Estrogen protects the female from CVD [146]. In obese women, this protective effect is diminished, even though obesity may lead to a minor increase in estrogen production due to the increased aromatase level from adipocytes [147]. Contrary to the well-known un theory that adipose tissue produces estrogen, studies have shown a negative correlation between BMI and estradiol (a form of estrogen) levels in premenopausal women [148]. In a cohort study, obese and overweight premenopausal females (aged 35 to 47 years old) have a considerably lower level of estrogen than their normal-weighted counterparts [149]. Therefore, the obesity-induced estrogen reduction in premenopausal females reverses the CVD-protection benefit.
As a gatekeeper of cardiovascular health, endothelial cells (ECs) are demonstrated to balance vasodilation and vasoconstriction and evaluate nitric oxide (NO) bioavailability [150]. The impairment of vasodilation, a hallmark of obesity-induced endothelial dysfunction, is mainly caused by eNOS downregulation and the absence of NO production. To prevent women from experiencing endothelial dysfunction, estrogen and estrogen receptors (ER) are versatile in upregulating NO production by rapid effects and longer-term modulation. Both in vivo and in vitro experiments showed that estrogen mediates the rapid activation of eNOS through the phosphoinositide 3 kinase/protein kinase B (PI-3 kinase/Akt) pathway [151,152,153]. Estrogen also increases the expression of eNOS protein by regulating endothelial eNOS mRNA transcription, thereby achieving long-term and stable protection of the endothelial function [153,154]. In addition to regulating the classical pathway, estrogen has also been found to be involved in regulating endothelial function in other novel pathways. The epithelial sodium channel (ENaC) is shown to be a major determinant of endothelial stiffness. ECs exhibit more prominent stiffness behaviour and a greater ENaC activity in women than in men when NO is lacking. The endothelial SGK-1 activation is involved as a mediator of the link between estrogen signalling and EnNaC activity in women [155]. Moreover, estrogen displayed a regulating behaviour in the expression of the endothelial potassium channels called IK1 and SK3. Reduced IK1 and SK3 expression, together with loss of another vasodilator hydrogen peroxide and elevated superoxide production, contribute to their susceptibility to obesity-related-resistant microvascular dysfunction. The upregulation of IK1 and SK3 caused by the insufficient level of estrogen in obese young females may lead to a lower expression level of potassium channels, which is detrimental to endothelial function. A recent study shows that the deletion of the endothelial cell mineralocorticoid receptor (EC-MR) lowers the IK1 expression and protects only females from susceptibility to obesity and obesity-induced endothelial dysfunction, further proving the negative association between estrogen and CVD risk [156].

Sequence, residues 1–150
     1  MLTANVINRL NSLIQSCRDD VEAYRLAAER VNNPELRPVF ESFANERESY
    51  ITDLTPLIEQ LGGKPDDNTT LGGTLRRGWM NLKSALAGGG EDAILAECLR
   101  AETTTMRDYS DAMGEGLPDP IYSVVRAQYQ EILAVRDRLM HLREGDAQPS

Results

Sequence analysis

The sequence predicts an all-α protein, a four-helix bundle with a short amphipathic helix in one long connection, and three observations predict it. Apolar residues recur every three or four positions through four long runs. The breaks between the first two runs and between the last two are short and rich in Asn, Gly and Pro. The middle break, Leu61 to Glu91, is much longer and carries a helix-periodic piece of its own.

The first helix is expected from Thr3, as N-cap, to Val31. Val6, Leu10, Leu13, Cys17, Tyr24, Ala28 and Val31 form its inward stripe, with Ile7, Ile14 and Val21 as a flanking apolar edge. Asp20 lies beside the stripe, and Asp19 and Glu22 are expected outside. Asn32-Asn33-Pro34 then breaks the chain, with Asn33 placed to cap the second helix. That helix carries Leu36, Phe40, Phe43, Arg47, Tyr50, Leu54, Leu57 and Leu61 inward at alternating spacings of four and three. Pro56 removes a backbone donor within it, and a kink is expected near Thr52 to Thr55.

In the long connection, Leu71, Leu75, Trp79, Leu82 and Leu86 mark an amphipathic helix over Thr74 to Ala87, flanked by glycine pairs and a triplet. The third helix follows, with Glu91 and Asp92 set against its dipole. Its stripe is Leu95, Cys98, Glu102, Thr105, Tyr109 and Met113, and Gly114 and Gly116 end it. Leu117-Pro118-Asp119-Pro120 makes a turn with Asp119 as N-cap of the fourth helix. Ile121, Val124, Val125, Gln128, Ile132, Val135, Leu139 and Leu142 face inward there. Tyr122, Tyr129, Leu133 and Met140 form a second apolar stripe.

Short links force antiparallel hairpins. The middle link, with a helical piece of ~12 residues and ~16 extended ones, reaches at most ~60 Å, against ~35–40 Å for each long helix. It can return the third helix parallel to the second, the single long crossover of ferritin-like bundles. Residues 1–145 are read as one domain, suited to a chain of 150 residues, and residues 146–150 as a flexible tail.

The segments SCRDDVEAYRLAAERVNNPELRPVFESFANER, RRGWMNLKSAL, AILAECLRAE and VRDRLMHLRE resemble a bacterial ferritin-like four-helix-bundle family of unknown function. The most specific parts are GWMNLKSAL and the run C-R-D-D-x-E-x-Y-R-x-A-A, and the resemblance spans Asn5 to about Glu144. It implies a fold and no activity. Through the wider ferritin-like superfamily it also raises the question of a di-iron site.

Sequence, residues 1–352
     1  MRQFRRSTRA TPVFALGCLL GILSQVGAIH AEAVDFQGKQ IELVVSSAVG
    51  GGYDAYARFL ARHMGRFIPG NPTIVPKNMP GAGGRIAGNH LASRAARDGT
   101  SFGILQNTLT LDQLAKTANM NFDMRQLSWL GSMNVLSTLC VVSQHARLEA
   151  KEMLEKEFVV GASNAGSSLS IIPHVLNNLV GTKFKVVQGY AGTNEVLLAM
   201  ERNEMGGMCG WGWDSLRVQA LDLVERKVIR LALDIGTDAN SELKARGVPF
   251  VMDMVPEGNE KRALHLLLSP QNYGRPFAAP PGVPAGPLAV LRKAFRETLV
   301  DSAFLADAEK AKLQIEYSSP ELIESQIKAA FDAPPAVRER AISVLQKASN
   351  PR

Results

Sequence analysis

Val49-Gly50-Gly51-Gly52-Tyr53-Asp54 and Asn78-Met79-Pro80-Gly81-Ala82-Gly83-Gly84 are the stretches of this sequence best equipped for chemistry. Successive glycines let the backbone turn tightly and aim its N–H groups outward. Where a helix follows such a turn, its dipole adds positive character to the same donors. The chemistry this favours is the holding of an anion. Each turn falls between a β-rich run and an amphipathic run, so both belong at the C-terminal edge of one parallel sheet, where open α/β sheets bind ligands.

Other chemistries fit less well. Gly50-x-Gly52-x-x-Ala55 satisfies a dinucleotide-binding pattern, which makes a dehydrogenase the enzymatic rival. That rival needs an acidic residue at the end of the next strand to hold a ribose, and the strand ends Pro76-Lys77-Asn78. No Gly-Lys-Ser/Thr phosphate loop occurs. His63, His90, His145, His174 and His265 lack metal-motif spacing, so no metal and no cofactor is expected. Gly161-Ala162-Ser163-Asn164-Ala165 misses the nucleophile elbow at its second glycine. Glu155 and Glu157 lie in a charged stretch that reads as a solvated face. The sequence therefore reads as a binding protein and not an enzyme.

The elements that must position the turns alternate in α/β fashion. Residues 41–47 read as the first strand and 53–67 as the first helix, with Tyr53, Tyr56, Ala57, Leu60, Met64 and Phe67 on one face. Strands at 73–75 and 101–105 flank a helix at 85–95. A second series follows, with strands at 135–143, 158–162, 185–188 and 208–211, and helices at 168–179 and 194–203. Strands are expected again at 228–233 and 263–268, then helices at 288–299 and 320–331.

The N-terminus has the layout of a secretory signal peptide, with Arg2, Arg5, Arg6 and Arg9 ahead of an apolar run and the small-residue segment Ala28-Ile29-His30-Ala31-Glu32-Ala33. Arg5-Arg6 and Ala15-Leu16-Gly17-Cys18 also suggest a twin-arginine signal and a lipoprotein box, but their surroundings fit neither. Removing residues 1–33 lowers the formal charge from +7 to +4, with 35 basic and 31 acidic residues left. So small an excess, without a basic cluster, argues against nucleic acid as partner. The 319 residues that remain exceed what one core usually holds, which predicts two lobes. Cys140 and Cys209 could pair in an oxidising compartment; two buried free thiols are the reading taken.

Important crosstalk exists between the cell populations of adipose tissue and endothelial cells, whose intercellular crosstalk is critical to the microenvironment [157]. Dysregulated crosstalk between cells within the PVAT is an important contributor to inducing endothelial dysfunction, which is considered as an initiated trigger of atherosclerotic diseases. Unlike in a healthy state, PVAT is substantially different from typical VAT, resulting in adipose tissue dysfunction in obesity. Lesioned PVAT is lipotoxic and can indirectly secrete adipokines and cytokines to impair cardiac and endothelial function [158]. Macrophages are recruited by PVAT to a more inflammatory phenotype, resulting in decreased vasodilation. In addition, macrophage and T lymphocyte infiltration also release inflammatory mediators and chemokines [159]. The increased release of TNF-α and free fatty acids modifies PVAT to a more proinflammatory vasoconstrictor phenotype [160]. Consequently, the dysregulation of adipose tissue endocrine and paracrine signalling, coupled with chronic inflammation, results in dysregulated vascular homeostasis and endothelial dysfunction [161]. Therefore, obesity-induced endothelial dysfunction is a trigger for the initial stage and progression of arteriosclerosis.